Low Power Laser Therapy: A Noninvasive highly effective therapeutic modality Giovanni Galletti Centre for Laser R&D, Institurte of experimental Surgery, University of Bologna, Bologna, Italy
Since the laser's first appearance in 1960, laser instrumentation for medical use has produced considerable research activity with the production of various laser sources with a range of wavelengths, which has been accompanied by a quite rapid development of laser instruments for therapeutic application. Although initially these laser instruments were at high power, subsequently numerous low power lasers became available. Even those intended for high power use, were employed at low power with reliable results.
With such a wide spectrum of laser sources at hand, the following definition has been proposed: any laser light of any wavelength is suitable for therapy as long as the energy density delivered does not produce significant direct photothermal and photodestructive effects in the target tissues.
However, all this has not been free from criticism and controversies. Many authors have studied the amount of energy which should be delivered to tissue per unit of time (the energy density). This aspect of the matter has been considered by most a major issue. However, looking at the results reported in the literature, the results are anything but clear. Since Mester, the energy delivered on tissue has been expressed as joules per square centimetre, but the results been that every author reports different and personal data, causing considerable confusion. Thus, the following question can be posed: although the different energy densities and wavelengths of the various laser instruments used as therapeutic tools for variable pathology, can we get the same results?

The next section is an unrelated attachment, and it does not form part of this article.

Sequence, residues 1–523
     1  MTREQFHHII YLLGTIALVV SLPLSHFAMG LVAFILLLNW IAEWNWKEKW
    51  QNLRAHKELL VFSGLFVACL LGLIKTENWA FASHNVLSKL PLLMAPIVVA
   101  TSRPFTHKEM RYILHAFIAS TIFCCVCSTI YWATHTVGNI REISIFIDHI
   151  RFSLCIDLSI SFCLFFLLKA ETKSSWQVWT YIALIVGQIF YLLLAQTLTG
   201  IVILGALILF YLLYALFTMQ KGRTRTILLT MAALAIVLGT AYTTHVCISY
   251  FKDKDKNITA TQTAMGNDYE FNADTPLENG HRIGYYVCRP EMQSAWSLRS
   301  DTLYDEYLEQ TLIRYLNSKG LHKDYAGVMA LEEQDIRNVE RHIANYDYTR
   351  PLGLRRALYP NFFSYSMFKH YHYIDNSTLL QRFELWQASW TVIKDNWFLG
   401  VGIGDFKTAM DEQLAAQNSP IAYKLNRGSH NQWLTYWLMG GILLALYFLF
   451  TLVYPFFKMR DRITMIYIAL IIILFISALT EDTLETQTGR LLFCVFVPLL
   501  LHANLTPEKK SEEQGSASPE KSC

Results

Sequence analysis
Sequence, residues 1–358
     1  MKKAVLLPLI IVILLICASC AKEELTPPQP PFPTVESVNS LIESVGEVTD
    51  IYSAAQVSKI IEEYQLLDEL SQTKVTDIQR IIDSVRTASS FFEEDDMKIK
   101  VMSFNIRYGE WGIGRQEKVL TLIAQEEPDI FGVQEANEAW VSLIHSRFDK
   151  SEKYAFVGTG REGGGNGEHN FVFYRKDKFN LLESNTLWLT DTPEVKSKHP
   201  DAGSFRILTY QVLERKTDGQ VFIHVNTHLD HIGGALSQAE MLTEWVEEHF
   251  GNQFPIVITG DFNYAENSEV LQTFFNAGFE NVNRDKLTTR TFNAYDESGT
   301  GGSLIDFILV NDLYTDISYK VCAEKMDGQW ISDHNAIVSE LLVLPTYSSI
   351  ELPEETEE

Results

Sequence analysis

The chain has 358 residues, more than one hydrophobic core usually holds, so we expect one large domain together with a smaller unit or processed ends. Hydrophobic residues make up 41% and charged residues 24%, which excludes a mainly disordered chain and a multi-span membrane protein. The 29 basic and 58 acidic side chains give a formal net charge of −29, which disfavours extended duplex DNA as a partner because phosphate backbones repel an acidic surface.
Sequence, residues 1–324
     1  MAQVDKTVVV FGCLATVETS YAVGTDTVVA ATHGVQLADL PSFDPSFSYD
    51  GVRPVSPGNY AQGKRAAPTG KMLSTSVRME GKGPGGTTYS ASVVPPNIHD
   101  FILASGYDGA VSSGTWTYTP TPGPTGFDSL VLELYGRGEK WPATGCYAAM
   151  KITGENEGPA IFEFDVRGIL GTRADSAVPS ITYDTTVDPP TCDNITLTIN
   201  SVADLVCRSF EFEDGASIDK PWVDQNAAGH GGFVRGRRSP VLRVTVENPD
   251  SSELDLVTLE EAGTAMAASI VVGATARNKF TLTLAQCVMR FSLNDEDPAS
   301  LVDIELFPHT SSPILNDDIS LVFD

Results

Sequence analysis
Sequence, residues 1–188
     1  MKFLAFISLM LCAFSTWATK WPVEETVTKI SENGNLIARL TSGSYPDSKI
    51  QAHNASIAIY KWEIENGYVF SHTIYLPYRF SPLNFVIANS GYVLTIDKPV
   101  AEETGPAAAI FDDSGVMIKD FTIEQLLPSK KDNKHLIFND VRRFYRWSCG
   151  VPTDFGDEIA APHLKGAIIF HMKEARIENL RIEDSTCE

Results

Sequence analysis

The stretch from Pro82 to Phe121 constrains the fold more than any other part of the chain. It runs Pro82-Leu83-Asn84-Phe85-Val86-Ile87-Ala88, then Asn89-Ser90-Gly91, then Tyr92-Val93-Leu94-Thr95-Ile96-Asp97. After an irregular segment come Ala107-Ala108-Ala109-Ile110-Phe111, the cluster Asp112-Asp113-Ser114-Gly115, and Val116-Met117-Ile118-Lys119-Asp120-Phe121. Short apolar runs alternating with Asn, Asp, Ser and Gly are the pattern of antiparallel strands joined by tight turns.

From our own clinical experience consisting of 1572 patients affected by various pathologies, treated with different laser light sources and energy densities, 5 minutes exposure time per session, we have achieved in all cases satisfactory results. Even the defocused scanning CO2 laser at 0.5 W output power has proven to be an optimum tool for deep tissue stimulation.
Therefore, all different laser instruments used for LPL therapy, are just as efficient and produce satisfactory results, as long as they deliver an incident energy density which is not capable of inducing direct photothermal effects in the target tissues.
Laser Therapy 1997:9:131-136